Dear The Girl with the Dragon Tattoo,

I recently watched you, and thought I should let you know about something called brevity. With an excruciatingly long running time, clearly you have never heard of this important concept. Next time, keep things concise. Like this letter.




Dear The Girl with the Dragon Tattoo,

I wanted to commend you for your amazing characters. The female lead, Elizabeth Salamander, is tough and hardcore. This is depicted to the audience by her shaved eyebrows, crazy hair, tattoos and piercings, and the fact that she is a loner. Thank you for not boring us with drab personal details like how she grew up, the inner workings of her psyche, or why she chooses to give herself such a unique appearance. We really should just take her at face-value, that’s the best thing to do. The male lead, James Bond, is also tough and hardcore. We see this by his wearing glasses hanging off of one ear. James Bond never ages, why should he need glasses? He doesn’t. I figured this was just a subterfuge by your exceptionally good writing. Keep up the good work. I hope to see more face-value characters in your sequel.


The Public at Large

Continue reading ‘Letters to The Girl with the Dragon Tattoo’


The Sky is Falling (James Bond 23)

Since every film critic and blogger has already pledged their undying love and firstborn child to Skyfall, I feel like I need to take a different approach to reviewing it. I could do my usual complaining, but after wracking my brain, I found that I had very little to complain about. It was a solid Bond movie from start to finish, and a welcome addition to the franchise. So, I think I’ll just throw out random thoughts I had and leave it at that.

Where the fuck was the Opening Gunbarrel Sequence? Oh, at the end again. For 20 films, they always opened through the point of view of a gun, with Bond firing a shot, and blood spilling down the screen. The last movie, Quantum of Solace, which was kind of a piece of shit, inexplicably moved the sequence to the end. Skyfall does the same thing. Director Sam Mendes stated he wanted to have it in the beginning, but thought it looked ridiculous paired to the opening of the movie with Bond walking out with his gun raised. I guess that makes sense, but throwing it onto the end makes it feel like an afterthought. I have always liked the traditional opening, something that no other film series has, and to just tack it on at the end feels shameless.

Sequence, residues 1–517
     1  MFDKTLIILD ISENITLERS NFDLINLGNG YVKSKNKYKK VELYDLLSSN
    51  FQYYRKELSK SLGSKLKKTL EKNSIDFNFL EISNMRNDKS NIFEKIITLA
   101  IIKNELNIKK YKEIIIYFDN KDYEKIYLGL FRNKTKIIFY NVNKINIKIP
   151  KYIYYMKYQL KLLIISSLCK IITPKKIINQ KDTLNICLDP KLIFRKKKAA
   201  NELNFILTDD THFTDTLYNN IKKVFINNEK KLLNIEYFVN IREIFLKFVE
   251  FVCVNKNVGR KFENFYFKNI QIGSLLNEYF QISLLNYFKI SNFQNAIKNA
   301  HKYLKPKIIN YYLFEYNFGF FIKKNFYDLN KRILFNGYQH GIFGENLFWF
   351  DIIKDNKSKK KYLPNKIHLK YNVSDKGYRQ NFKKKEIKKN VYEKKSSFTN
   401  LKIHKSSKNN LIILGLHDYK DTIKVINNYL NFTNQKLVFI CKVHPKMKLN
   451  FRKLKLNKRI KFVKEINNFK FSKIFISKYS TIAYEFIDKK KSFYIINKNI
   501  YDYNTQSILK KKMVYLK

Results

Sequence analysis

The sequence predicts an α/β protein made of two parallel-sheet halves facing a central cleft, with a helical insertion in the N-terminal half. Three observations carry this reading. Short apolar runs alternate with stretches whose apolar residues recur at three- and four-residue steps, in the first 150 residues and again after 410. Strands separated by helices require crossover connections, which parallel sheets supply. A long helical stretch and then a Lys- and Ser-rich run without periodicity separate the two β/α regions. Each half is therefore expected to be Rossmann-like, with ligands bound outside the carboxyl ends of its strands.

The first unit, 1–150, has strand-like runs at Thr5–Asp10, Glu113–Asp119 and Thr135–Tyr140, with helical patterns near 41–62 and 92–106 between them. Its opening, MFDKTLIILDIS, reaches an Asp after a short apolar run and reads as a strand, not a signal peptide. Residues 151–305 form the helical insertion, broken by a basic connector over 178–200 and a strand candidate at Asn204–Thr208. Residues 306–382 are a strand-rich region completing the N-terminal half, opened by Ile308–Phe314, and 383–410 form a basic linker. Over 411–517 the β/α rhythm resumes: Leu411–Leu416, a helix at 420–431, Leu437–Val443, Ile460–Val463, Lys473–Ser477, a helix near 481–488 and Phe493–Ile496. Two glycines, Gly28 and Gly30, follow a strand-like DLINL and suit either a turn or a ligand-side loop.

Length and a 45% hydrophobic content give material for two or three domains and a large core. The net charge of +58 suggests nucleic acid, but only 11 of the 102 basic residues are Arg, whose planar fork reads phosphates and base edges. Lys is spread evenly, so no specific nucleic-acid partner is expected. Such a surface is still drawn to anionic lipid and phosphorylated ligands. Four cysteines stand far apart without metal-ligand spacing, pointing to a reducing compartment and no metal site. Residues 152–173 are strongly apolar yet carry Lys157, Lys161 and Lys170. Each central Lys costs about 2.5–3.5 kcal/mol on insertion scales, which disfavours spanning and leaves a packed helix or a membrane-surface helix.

The opening credits were designed by Daniel Kleinman who did the opening credits for all the Bond movies from Goldeneye through Skyfall, with the exception of Quantum of Solace, which again makes that movie stand out as kind of shitty. The credits, again, were fantastic. He has really upped his game with Skyfall, making a visual feast with beautiful girls, flashy effects, and thematic elements that tie in with the plot of the film. The only part of the opening credits that falls flat is the title song “Skyfawwll” performed by Adele. The song is a boring dud, just like its singer.

Continue reading ‘The Sky is Falling (James Bond 23)’


Movies > Books: Casino Royale

“Bond… Silhouette Bond.”

Every time a movie comes out that’s based on a book, people always shout, “LOL BUT TEH BOOK WAS SOOO MUCH BETTER LOL!” Well, sometimes the movie can be better than the source material. In some cases, drastically so. Just because the source material is a book doesn’t mean the book is not a huge steaming pile of shit. Here’s an example:

In case it wasn’t already known, I am a huge fan of the James Bond film series. I have watched them all, own them all, and eagerly anticipate the release of each new movie. The successful franchise is based on a series of popular books. Since I’m illiterate I had never read any of the books, but I figured, what the hell, I should give one of them a try. Going in chronological order made sense, so I figured I’d start at the beginning.